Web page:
Zoroastrianism Religion | Founder, Beliefs, Gods, & More

Zoroastrianism religion

Zoroastrianism Religion

Zoroastrianism religionis is an ancient Persian religion that may have originated as early as 4000 years ago. and the ancient pre-Islamic religion of Iran that survives there in isolated areas and, more prosperously, in India, where the descendants of Zoroastrian Iranian (Persian) immigrants are known as Parsis, or Parsees.
Zoroastrianism religion

 

Zoroastrianism religion founder:

The prophet Zoroaster himself, though traditionally dated to the 6th century BCE, is thought by many modern historians to have been a reformer of the polytheistic Iranian religion who lived in the 10th century BCE. Zoroastrianism as a religion was not firmly established until several centuries later.

What are the basic beliefs of Zoroastrianism?

Zoroastrians believe that there is one universal, transcendent, all-good, and uncreated supreme creator deity, Ahura Mazda, or the “Wise Lord”. (Ahura means “Lord” and Mazda means “Wisdom” in Avestan).

Zoroastrianism temple:

Where do Zoroastrians worship?
A fire temple in Zoroastrianism is the place of worship for Zoroastrians, often called dar-e mehr (Persian) or agiyari (Gujarati). In the Zoroastrian religion, fire (see atar), together with clean water (see aban), are agents of ritual purity.

What is the Zoroastrian motto?

The motto of the religion is “Good Thoughts, Good Words, Good Deeds”. Zoroastrianism was the state religion of Persia starting in the 6th century BC, including the Sassanid dynasty.

Zoroastrianism religion symbol:

The Faravahar is an ancient symbol of the Zoroastrian faith. It depicts a bearded man with one hand reaching forward. He stands above a pair of wings that are outstretched from a circle representing eternity. Fire is another important symbol of Zoroastrianism, as it represents light, warmth, and has purifying powers.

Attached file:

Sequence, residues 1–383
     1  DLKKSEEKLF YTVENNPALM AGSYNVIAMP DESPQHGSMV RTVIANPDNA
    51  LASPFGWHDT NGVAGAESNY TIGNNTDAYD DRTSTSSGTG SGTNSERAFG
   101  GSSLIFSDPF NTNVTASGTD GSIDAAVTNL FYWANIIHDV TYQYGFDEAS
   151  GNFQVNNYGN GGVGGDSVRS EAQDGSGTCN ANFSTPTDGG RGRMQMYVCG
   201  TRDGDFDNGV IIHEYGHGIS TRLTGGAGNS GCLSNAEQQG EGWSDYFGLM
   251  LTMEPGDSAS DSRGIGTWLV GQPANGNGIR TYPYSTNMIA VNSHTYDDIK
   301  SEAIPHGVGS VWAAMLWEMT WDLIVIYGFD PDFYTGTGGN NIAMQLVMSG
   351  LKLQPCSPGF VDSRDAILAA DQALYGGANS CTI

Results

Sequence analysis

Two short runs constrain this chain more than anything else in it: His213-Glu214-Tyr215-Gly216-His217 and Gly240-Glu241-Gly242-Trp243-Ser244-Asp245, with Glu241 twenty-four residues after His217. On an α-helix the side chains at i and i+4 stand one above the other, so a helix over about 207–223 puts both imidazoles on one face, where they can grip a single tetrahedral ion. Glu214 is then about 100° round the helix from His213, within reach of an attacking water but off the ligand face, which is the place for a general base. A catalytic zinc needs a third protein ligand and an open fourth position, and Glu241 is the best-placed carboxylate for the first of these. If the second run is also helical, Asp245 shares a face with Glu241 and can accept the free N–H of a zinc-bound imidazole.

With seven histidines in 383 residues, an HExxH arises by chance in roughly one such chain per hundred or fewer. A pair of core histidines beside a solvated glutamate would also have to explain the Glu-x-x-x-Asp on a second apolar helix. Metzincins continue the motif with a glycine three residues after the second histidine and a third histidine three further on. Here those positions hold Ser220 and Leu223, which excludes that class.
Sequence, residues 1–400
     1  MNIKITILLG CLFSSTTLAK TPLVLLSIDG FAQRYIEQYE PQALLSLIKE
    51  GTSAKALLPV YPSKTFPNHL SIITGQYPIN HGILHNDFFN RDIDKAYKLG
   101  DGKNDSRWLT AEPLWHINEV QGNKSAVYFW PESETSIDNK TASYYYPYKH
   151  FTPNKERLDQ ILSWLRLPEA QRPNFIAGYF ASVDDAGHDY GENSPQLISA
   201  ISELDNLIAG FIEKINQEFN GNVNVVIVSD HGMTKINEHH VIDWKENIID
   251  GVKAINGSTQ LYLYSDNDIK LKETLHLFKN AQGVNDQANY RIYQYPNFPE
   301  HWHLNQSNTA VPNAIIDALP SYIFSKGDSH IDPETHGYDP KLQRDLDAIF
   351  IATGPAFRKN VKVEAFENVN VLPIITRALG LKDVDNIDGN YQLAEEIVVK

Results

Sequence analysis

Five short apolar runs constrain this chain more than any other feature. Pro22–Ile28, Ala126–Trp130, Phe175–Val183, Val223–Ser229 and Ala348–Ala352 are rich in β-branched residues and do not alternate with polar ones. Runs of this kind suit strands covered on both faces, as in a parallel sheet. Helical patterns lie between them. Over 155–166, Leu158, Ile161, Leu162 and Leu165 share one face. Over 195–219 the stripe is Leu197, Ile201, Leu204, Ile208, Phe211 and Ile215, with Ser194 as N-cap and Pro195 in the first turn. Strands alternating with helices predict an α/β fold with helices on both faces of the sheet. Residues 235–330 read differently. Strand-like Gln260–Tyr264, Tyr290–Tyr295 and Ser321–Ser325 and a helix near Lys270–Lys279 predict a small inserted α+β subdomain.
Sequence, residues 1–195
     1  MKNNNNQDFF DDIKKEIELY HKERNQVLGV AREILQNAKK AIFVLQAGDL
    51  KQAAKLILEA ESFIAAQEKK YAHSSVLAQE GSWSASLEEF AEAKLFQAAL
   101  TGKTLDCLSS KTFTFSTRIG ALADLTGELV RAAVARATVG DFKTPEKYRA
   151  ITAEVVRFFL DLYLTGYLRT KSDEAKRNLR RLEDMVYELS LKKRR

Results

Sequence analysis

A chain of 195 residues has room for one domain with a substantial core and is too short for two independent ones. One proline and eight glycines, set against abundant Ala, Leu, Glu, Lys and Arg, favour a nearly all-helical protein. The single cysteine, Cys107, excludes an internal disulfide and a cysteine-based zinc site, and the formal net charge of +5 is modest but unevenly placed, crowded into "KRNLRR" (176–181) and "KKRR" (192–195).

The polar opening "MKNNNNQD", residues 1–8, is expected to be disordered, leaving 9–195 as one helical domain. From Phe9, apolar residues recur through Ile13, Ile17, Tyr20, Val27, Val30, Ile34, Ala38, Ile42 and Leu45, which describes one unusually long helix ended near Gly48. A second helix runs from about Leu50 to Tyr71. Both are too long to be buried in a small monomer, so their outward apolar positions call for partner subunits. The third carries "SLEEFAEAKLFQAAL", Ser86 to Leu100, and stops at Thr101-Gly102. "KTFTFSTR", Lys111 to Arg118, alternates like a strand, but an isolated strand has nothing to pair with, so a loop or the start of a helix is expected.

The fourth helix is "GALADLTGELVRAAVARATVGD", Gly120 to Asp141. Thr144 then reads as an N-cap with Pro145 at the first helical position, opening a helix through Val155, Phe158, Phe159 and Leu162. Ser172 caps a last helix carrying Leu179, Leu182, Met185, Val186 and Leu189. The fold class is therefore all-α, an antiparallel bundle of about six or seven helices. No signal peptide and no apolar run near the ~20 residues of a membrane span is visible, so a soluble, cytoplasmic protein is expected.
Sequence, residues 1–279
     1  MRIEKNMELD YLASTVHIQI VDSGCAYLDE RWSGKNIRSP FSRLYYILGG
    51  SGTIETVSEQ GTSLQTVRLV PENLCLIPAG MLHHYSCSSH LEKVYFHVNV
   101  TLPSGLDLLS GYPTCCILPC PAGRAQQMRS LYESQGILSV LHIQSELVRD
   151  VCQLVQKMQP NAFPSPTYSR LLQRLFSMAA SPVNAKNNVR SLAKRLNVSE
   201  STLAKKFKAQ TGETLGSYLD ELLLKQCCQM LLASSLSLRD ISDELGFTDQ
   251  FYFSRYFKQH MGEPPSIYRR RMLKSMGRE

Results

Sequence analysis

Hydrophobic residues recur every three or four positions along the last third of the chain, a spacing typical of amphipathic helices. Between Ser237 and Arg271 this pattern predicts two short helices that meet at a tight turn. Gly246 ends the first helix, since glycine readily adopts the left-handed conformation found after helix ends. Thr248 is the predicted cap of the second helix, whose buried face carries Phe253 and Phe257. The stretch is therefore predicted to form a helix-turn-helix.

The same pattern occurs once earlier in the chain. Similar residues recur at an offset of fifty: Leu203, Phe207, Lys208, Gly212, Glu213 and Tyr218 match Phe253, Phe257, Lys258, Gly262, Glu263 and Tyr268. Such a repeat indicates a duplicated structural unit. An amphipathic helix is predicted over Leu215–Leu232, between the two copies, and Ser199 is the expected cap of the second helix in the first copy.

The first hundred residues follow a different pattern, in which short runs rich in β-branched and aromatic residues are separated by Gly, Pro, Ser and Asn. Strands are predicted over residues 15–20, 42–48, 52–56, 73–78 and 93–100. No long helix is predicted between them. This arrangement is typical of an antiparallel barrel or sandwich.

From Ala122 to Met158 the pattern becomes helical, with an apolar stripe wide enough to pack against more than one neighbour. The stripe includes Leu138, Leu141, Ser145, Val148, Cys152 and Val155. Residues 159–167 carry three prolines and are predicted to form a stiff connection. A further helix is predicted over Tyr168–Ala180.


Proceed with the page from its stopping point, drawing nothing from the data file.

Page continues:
Zoroastrian
Zoroastrian

Zoroastrianism practices:

Zoroastrians believe that the elements are pure and that fire represents God’s light or wisdom. Zoroaster placed less emphasis on ritual worship, instead of focusing on the central ethics of ‘Good Words, Good Thoughts, and Good Deeds’. Zoroastrian worship is not prescriptive.

Zoroastrianism holy book:

Avesta, also called Zend-Avesta, the sacred book of Zoroastrianism containing its cosmogony, law, and liturgy, the teachings of the prophet Zoroaster (Zarathushtra). The extant Avesta is all that remains of a much larger body of scripture, apparently Zoroaster’s transformation of a very ancient tradition.

Zoroastrianism religion gods:

Zoroastrians believe in one God, called Ahura Mazda (meaning ‘Wise Lord’). He is compassionate, just, and is the creator of the universe.

Ahura Mazda is:

-Omniscient (knows everything)
-Omnipotent (all-powerful)
-Omnipresent (is everywhere)
-Impossible for humans to conceive
-Unchanging
-The Creator of life
-The Source of all goodness and happiness
God is worshiped as supreme. Zoroastrians believe that everything he created is pure and should be treated with love and respect. This includes the natural environment, so Zoroastrians traditionally do not pollute the rivers, land, or atmosphere. This has caused some to call Zoroastrianism ‘the first ecological religion’.

Zoroastrians believe that Zoroaster is the prophet of God. Zoroaster himself is not worshipped, but through his teachings, man can become close to God by following the path of truth and righteousness (Asha).

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the reference: 1, 2

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